You may also require your staff to install new software patches to keep their operating systems running smoothly and securely.
Using a Firewall
You can also mitigate your risks and prevent unauthorised access by using a quality firewall. This tightens the reins of access and greatly reduces the chances of unintended third-parties gaining control to your organisation’s data assets.
Modern firewall solutions are more robust than ever and can provide you with advanced security for a variety of applications including email, video and multimedia programs.
Ideally, you’ll use a hardware-based firewall rather than software-based because it will protect all of the computers on your network simultaneously. It’s also very flexible and scalable, which is important when you’ve got a growing company.
Another key area you need to address is mobile security.
With Cybersecurity Ventures predicting that Wi-Fi and mobile devices will account for roughly 80 percent of all IP traffic by 2025, it’s crucial that your employees follow mobile security best practices.
This is especially vital if you have a BYOD-based culture where employees are using their own personal devices for work purposes. The inherent portability of mobile devices makes them especially prone to theft, which can create some real security headaches.
Some ways to reduce BYOD risks include:
- Using secure access controls
- Requiring employees to only connect to trusted networks
- Turning off Wi-Fi and Bluetooth when not in use
- Never storing financial data on a mobile device
- Subscribing to a device locator service so that it can be tracked if it ever goes missing
- Using data erasure services so that information can be wiped clean if needed
Even if theft does occur, you’ll have a quick plan of action and can minimise the damage.
Avoiding Phishing Attacks
Another common way that cyber criminals gain access to sensitive information is through phishing attacks. In fact, 91 percent of all attacks originate with phishing emails, and they increased by a staggering 65 percent between 2015 and 2016.
What’s scary is just how sophisticated they’ve become. Even individuals who understand the fundamentals of phishing emails often struggle to determine the difference between one that’s bogus and one that’s legitimate.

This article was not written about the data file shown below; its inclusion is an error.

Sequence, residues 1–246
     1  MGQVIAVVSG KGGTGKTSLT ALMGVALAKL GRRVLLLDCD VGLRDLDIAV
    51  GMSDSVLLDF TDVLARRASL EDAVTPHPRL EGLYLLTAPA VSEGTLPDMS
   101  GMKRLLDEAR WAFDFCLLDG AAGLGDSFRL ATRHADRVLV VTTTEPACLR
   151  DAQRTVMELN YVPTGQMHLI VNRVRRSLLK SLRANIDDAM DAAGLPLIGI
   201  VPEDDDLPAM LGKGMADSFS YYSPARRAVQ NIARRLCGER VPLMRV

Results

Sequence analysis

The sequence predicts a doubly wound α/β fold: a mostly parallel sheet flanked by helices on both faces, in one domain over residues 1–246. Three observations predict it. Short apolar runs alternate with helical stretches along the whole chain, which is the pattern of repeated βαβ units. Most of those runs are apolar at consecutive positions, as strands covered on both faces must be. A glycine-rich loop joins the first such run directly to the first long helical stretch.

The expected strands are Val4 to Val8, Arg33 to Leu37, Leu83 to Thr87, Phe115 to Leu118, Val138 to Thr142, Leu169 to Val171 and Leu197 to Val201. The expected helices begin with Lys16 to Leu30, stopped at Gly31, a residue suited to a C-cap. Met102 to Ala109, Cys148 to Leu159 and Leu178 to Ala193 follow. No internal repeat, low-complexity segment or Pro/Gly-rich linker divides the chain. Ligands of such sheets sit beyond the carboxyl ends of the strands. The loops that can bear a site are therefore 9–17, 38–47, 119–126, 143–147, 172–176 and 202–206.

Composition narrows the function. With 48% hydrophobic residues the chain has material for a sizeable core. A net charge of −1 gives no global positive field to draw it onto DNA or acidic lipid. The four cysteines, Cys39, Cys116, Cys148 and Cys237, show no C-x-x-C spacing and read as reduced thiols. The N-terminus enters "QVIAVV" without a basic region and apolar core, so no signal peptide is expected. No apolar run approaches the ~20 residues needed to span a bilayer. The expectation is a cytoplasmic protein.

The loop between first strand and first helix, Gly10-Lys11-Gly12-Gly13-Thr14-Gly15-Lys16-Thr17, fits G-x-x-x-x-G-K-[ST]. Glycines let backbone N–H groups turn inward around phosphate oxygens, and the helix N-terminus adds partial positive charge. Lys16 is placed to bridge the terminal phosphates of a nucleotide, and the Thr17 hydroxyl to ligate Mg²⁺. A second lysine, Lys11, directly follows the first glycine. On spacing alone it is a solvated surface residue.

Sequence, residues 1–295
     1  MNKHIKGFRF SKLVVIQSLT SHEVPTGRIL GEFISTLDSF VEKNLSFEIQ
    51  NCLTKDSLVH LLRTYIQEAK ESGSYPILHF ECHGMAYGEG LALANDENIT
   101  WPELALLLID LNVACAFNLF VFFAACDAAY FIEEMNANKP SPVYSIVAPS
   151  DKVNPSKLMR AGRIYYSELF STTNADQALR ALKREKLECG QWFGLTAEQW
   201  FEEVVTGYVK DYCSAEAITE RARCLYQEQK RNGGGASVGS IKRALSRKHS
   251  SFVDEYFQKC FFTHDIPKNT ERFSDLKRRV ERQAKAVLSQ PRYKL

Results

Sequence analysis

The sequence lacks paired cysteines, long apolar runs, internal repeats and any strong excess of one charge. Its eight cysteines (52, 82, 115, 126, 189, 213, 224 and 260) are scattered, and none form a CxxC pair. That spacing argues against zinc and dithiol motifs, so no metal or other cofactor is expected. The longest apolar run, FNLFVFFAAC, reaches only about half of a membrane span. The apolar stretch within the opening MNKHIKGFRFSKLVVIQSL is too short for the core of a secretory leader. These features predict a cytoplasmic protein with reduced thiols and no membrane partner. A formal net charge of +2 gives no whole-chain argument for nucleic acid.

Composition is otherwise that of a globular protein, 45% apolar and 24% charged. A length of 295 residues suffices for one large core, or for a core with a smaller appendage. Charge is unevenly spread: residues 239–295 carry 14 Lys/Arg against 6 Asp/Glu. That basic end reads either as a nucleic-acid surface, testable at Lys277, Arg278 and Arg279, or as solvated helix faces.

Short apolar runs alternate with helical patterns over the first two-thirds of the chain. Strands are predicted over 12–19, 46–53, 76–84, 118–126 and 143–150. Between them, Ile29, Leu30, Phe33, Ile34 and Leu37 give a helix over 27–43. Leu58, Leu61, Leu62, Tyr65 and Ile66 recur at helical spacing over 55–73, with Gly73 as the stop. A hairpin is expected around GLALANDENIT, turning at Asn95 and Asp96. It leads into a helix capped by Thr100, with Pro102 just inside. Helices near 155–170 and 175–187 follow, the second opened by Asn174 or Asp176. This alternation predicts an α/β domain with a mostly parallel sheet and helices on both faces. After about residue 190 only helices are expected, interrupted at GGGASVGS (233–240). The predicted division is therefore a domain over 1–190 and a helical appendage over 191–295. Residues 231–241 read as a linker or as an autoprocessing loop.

Recent research even found that a whopping 97 percent of people are unable to identify a sophisticated phishing email, which can really put your organisation at risk. Many of these emails use elements of psychological persuasion where they impersonate a person or an organisation of high authority and urge immediate action.
So it’s easy to see why even the best and brightest get fooled from time to time.
That’s why it’s vital to properly educate your staff on the right way handle emails.
This begins with instructing them not to open untrusted attachments or click on questionable links and to be incredibly careful about the information they choose to share. For instance, they shouldn’t provide password information, financial data or personal information.
Often phishing emails will ask a recipient to log onto a company website by clicking on a link within the email in order to update their account settings. But this is a trap that can be avoided by simply visiting the official site. To do so, either type in the URL or click on a trusted bookmark.
You may even want your employees to take part in an anti-phishing training program to ensure that they’re equipped with the knowledge to avoid even the most sophisticated of attacks.
A Clear Reminder
The MacOS High Sierra bug is a reminder of just how fragile security can be and that human error is an omnipresent factor.
If expert developers at Apple could make such a glaring mistake with their coding, just imagine all of the other potential issues that could jeopardise your company’s cyber security.
It also shows that you should never get lulled into a false sense of security and think that your organisation is immune to an attack. Instead, you should remain diligent and be proactive about continually securing your network and data assets.
When it’s all said and done, it’s about building an internal security culture that’s able to adapt and evolve in order to stay ahead of cyber criminals in this never-ending game of cat and mouse.
Was anyone in your company impacted by the High Sierra Bug? If so, please let us know about your experience: